Core technology skills are most critical for traditional technical roles. Are engineers developing your business using the latest methods, applications, and platforms? Are they updating them on a regular basis? Companies that help their technical workforce build new skills also help top talent feel confident their skills are remaining up-to-date—and that they don’t need to look elsewhere to keep up. This is particularly critical for industries that are not in the technology sector vying for the software engineering or analytics talent they need to grow. For example, Capital One understood this, and made significant moves to become a more nimble learning organization.

Tech fluency is primarily geared for traditionally non-technical roles—think marketing or product design. While these roles don’t usually need to know the nitty-gritty of new technology, they do need to be aware of the possibilities available. With high tech fluency across the organization, collaboration becomes easier, in turn, facilitating innovation and creative problem solving. All of this creates a rich environment for top talent to put their skills to the best use for your organization and for their career growth.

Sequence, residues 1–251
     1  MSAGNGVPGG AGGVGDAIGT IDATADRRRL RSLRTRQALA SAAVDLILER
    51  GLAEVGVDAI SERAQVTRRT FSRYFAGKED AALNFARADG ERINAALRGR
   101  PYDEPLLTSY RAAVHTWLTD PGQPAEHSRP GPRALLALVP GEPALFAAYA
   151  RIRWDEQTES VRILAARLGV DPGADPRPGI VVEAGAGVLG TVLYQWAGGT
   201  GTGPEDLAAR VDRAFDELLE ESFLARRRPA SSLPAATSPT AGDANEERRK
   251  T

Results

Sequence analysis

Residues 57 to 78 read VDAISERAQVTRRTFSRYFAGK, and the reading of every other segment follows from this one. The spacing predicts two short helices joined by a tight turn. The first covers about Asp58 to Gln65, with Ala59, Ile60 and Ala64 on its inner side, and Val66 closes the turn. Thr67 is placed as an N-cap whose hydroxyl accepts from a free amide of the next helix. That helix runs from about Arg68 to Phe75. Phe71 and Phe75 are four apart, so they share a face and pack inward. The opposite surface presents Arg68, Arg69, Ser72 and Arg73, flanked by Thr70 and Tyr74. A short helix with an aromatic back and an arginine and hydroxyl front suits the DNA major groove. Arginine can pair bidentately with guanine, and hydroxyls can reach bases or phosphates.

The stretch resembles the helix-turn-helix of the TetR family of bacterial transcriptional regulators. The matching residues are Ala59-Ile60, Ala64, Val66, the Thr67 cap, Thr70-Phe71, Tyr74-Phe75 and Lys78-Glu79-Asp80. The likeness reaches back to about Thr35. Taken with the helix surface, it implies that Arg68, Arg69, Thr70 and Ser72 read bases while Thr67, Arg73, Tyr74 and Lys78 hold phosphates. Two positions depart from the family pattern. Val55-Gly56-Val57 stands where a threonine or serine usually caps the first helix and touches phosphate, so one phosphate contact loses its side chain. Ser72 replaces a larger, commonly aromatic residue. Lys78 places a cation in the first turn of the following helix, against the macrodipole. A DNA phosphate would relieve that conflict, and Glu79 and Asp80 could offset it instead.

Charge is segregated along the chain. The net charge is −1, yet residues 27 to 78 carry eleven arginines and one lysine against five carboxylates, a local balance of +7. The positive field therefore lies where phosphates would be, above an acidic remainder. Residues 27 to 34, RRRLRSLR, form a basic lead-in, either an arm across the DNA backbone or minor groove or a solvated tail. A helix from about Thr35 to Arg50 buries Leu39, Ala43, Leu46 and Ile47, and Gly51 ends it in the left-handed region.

3. Deeply invested in collaborative, agile, and risk-tolerant cultures. Digitally mature organizations more often have cultures that encourage collaboration, agility, and tolerance for risk-taking. They invest in and test new ideas quickly, which serves to breathe creative energy into employees. Less digitally mature, or legacy, businesses tend to have more risk-averse cultures or “prove it before you release it” approaches—which can lead to missed business opportunities, and to your top talent feeling stifled and disengaged.